At her royal wedding, Britain's Kate Middleton donned an heirloom tiara charged with historical significance. Princess Charlene of Monaco opted for something much more personal, choosing a bold, asymmetrical creation in diamond and white gold that symbolizes the one-time Olympic swimmer's love for the sea.
Made by French-German jeweler Lorenz Baumer, the "Diamond Foam" tiara in white gold and nearly 60 karats worth of diamonds evokes the spray thrown off a crashing wave. Thin strips of precision-cut diamonds arch up from behind the left ear and fan out in an almost punk-ish explosion at the temple. Large round cut diamonds, the largest weighing 8 karats, punctuate the ends of the sparkling arcs.
"Princess Charlene is a swimmer and Monaco is this little contort on the Mediterranean, so the reference to the sea was something very personal for her and at the same time a symbol of the Monegasque people," Baumer told The Associated Press in an interview.
The princess wore the headpiece to the lavish multi-course gala dinner that capped the two-day-long festivities around Charlene's long-awaited marriage to Monaco's ruling prince, Albert II, the palace said Sunday.
Baumer said the palace contacted him about five months before the wedding to ask him to submit designs for a tiara that was to be among the prince's wedding gifts to his betrothed. Baumer submitted three sketches, as did "all the major jewelry houses you can think of.
"They spread the drawings out. None of them had the names of the houses, just the drawings, and the prince and princess chose mine," said Baumer, who is also artistic director for Paris luxury label Louis Vuitton's fine jewelry line. "It was really an honor."
Baumer traveled to Monaco for the first of four meetings with Charlene, "who received me in the palace wearing a sweat suit — she's really relaxed." The princess, who before her civil marriage Friday was known as Charlene Wittstock, gave Baumer ideas on how to improve the design.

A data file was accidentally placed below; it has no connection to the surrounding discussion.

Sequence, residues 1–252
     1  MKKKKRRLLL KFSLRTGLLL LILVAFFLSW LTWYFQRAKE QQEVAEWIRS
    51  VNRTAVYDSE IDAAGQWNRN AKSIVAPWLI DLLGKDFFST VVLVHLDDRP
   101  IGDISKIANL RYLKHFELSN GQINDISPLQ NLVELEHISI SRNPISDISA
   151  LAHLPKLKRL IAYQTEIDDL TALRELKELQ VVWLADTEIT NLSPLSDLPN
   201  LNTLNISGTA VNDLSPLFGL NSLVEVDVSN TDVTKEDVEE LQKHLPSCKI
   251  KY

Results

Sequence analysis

The jeweler, an engineer by training, said the tiara can be taken apart to be used as a small or large brooch or a hairpiece. It comes with a chic little screwdriver topped with flourishing Cs for Charlene.
Baumer declined to give the price of the tiara, but hinted at a consequent sum.
The son of a German diplomat father and French mother, Baumer was born in the U.S. and lived in half a dozen countries before settling in Paris. After studying at the French capital's prestigious Ecole Central, Baumer started designing costume jewelry.
"I had nothing, no money, no connections and I was working in a tiny little maid's quarters," he said. "I moved into fine jewelry after a client of mine asked me to do a costume piece in gold. So I did one and then another and then another."
After founding his eponymous house 19 years ago, Baumer set up shop on Paris' tony rue Royale before moving to the world's fine jewelry mecca, Place Vendome.
How was collaborating with Charlene?
"It was wonderful. She's not at all like the image some may people have of her as kind of cold and distant. She's sweet but also has a strong idea of what she wants and she knows how to make her self heard and respected, but in a soft way.
"I've no doubt she's going to make a great princess," he said with a smile.